Her blood work was also within the normal range. “I’m taking it in,” she expressed of her big news. “My Dr. reminded me this chemo doesn’t eradicate cancer but this is the best I could have asked for. My God is bigger than chemo.”
Learning About Advanced Stage Colon Cancer
The goal of advanced stage colon cancer is to reduce the amount of cancer in the body and control it.
Dr. Paul Oberstein from NYU Langone Health’s Perlmutter Cancer Center explains this concept in a previous interview with SurvivorNet.
“When someone comes in with cancer that has spread outside the colon, it’s called stage 4 colon cancer or metastatic colon cancer,” Dr. Oberstein says. “The primary goal of therapy, and we discuss this in great detail with patients and their families, is to manage the cancer, is to try to control the cancer, to turn it into what we call a chronic disease, so to prevent it from growing, spreading, and causing problems.”
Dr. Oberstein says that options for treatment are complicated and unique to each person. There are different surgery, chemotherapy and immunotherapy treatments depending on the location of the tumor and the patient’s genetic testing status.
One of the most common signs of colon cancer, and the top thing to look out for, is a change in bowel habits. This ranges from constipation or diarrhea to changes in the size or shape of bowel movements. A change in stool color, particularly black or tarry stools, can indicate bleeding from a tumor that lies deep in the colon.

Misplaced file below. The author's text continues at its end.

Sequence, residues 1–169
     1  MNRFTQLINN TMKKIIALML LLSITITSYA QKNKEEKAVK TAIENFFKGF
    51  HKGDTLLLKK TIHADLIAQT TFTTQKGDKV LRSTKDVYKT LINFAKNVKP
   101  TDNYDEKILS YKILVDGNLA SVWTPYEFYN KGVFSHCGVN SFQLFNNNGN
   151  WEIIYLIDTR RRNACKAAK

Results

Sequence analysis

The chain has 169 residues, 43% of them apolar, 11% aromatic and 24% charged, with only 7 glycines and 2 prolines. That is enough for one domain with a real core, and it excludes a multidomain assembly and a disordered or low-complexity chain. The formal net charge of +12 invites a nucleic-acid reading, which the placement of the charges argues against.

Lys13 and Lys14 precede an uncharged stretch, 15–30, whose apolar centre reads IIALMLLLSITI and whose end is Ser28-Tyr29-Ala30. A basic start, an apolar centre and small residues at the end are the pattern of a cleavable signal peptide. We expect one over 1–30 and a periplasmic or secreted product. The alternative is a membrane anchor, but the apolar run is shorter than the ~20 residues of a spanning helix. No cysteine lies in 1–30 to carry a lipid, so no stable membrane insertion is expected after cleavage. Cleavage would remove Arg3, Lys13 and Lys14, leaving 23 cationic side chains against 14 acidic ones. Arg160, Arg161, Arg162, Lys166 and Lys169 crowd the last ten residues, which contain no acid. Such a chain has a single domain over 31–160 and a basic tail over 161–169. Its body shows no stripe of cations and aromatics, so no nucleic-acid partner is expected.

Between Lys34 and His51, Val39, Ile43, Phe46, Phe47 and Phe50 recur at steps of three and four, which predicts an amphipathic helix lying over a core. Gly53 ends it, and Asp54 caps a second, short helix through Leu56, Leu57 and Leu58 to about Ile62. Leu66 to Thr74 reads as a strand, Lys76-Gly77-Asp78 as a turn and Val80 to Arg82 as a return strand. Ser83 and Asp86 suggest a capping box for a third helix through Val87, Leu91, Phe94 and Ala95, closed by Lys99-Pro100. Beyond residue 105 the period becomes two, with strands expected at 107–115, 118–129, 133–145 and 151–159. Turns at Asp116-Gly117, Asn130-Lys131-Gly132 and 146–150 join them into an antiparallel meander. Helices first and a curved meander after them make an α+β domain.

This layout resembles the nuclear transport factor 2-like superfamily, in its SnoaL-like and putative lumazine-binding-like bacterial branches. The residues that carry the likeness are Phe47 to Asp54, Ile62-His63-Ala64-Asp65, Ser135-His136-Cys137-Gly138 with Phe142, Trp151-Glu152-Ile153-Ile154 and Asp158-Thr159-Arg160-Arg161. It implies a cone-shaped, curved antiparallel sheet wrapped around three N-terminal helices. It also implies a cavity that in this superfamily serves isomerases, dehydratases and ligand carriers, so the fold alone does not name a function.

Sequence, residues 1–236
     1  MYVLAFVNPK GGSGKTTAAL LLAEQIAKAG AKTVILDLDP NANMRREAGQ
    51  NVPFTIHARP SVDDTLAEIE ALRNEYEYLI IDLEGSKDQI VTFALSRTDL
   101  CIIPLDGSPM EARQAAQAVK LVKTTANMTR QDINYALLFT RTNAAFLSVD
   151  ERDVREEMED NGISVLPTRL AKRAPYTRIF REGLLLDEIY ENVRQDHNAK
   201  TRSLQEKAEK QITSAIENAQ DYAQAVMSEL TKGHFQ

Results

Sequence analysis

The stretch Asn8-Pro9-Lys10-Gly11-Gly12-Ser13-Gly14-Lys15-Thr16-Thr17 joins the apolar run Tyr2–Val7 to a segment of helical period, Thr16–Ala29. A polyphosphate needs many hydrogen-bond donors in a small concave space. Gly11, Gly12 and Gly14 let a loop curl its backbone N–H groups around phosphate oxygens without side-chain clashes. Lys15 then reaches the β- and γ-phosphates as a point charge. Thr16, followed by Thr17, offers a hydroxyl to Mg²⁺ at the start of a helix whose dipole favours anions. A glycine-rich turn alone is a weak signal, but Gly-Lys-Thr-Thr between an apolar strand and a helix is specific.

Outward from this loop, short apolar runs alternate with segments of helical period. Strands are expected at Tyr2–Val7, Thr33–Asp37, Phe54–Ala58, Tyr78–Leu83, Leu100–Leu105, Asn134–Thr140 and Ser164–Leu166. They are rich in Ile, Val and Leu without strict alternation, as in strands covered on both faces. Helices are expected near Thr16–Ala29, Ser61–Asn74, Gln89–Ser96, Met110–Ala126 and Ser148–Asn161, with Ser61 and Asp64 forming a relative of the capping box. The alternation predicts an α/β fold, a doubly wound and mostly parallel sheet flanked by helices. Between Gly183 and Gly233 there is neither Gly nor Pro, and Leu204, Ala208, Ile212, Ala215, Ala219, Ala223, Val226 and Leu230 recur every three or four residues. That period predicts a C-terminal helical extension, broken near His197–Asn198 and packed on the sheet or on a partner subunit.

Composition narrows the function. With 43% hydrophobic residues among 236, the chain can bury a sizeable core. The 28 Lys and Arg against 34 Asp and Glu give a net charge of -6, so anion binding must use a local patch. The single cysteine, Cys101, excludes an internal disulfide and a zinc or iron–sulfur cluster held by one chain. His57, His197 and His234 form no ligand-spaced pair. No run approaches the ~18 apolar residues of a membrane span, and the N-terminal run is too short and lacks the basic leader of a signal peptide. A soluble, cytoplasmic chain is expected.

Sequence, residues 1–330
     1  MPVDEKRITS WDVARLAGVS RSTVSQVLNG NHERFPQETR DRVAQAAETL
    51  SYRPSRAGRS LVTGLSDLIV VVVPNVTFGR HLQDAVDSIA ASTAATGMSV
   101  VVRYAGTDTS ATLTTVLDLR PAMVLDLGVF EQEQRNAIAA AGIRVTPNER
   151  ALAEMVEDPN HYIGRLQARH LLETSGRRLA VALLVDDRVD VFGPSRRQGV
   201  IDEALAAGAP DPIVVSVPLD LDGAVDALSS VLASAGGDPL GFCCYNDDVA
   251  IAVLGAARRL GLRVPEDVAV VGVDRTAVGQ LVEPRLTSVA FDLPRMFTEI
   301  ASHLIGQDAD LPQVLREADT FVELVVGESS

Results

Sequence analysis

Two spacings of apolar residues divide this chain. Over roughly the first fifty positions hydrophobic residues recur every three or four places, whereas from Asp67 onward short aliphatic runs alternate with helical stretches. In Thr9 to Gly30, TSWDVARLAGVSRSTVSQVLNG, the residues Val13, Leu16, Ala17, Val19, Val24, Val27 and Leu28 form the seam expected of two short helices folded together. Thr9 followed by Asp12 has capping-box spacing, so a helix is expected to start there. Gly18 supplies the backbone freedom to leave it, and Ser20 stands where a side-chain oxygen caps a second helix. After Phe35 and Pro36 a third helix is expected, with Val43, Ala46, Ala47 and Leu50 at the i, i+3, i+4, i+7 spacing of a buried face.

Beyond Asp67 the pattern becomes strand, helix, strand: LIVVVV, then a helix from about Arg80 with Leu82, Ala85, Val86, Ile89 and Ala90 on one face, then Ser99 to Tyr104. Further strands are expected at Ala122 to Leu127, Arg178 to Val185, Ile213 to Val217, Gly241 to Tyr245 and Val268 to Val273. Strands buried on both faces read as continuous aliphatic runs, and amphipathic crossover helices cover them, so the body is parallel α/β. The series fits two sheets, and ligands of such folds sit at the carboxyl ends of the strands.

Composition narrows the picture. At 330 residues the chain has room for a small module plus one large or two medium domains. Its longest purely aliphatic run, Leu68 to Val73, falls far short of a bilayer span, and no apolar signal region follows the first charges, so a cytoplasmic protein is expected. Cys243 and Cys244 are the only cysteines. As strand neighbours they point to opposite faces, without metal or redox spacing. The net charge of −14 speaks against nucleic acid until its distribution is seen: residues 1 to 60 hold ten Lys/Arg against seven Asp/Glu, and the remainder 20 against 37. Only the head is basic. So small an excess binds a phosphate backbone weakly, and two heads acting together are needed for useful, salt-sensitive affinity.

“One of the most important facts about colon cancer is that the earlier and smaller it’s detected, the easier the treatment is and the more likely it is to be cured,” Dr. Oberstein explains. “Because colon cancers grow in the lining of the colon, they sometimes can cause problems with digestion. So someone may have constipation or diarrhea or problems going to the bathroom. Sometimes, they’ll cause pain if they’re growing large. Rarely, they can grow large enough to be felt as sort of a firm growth in the abdomen, but that’s uncommon.”
Other symptoms can be harder to pinpoint, such as abdominal pain and unintentional weight loss. Finally, some tumors bleed a small amount over a long period of time, resulting in anemia (low red blood cell count) that is picked up on blood work.
“Imagine a wound on the surface of the skin,” Dr. Oberstein says. “It can bleed a little bit and ooze blood. And if that happens, one person– a person might see what’s called black tarry stools. So they might see darkness in there bowel movements. And that’s a sign of bleeding in the stool that’s caused by the cancer.”
If a person has significant bleeding, they can develop what’s called anemia, which is low blood counts, and be tired or have trouble with normal activities because of those blood counts.
“We often recommend to patients that if they see a change in their bowel movements and they feel more fatigued than usual, or they have new issues, it’s something to be concerned about and to be pursued with their physician.”